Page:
|"Lungorthin" by Anastasiya Cemetery|
|Titles||Lord of Balrogs|
|Birth||Creation of the Ainur |
|Gallery||Images of Lungorthin|
History[edit | edit source]
Etymology[edit | edit source]
According to Christopher Tolkien, it is likely that Lungorthin is not another name for Gothmog, as the name Gothmog was mentioned in the earliest Middle-earth writings, as well as the final version of Tolkien's mythology.
The thane of Morgoth who smote him on the mouth (version I, 59) now becomes Lungorthin, Lord of Balrogs (96)——which is probably to be interpreted as ‘a Balrog lord’, since Gothmog, reappears in the ‘Silmarillion’ tradition.
—The Lays of Beleriand, The Lay of the Children of Húrin, Christopher Tolkien’s Commentary on Part I of the second version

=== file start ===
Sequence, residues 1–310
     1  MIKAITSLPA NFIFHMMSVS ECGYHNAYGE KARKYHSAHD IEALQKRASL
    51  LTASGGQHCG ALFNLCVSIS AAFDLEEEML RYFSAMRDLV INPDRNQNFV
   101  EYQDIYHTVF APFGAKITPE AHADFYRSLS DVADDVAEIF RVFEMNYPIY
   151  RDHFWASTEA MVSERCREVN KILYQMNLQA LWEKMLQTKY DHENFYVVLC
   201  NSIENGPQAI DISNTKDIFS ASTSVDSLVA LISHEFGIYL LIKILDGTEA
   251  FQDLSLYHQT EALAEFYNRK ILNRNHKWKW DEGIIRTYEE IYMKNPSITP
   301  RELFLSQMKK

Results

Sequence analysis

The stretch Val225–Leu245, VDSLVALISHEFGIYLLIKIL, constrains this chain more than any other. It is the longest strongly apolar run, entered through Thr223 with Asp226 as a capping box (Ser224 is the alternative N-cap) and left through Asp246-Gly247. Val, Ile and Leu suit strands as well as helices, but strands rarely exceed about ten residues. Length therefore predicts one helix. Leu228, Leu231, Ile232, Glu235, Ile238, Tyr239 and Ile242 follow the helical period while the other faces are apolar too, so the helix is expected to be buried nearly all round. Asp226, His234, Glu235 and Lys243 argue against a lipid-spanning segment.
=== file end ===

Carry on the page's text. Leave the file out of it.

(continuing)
Other versions of the legendarium[edit | edit source]
In Tolkien's first version of The Lay of the Children of Húrin, Túrin son of Húrin & Glorund the Dragon, "Lungorthin, Lord of Balrogs" had no name and race, being referred to instead as an unknown thane of Morgoth who smote Húrin on the mouth.
There are no references to Lungorthin in J.R.R. Tolkien's later legendarium and as such, Lungorthin may have been abandoned as he never appeared within any of Tolkien's writing after The Lay of the Children of Húrin.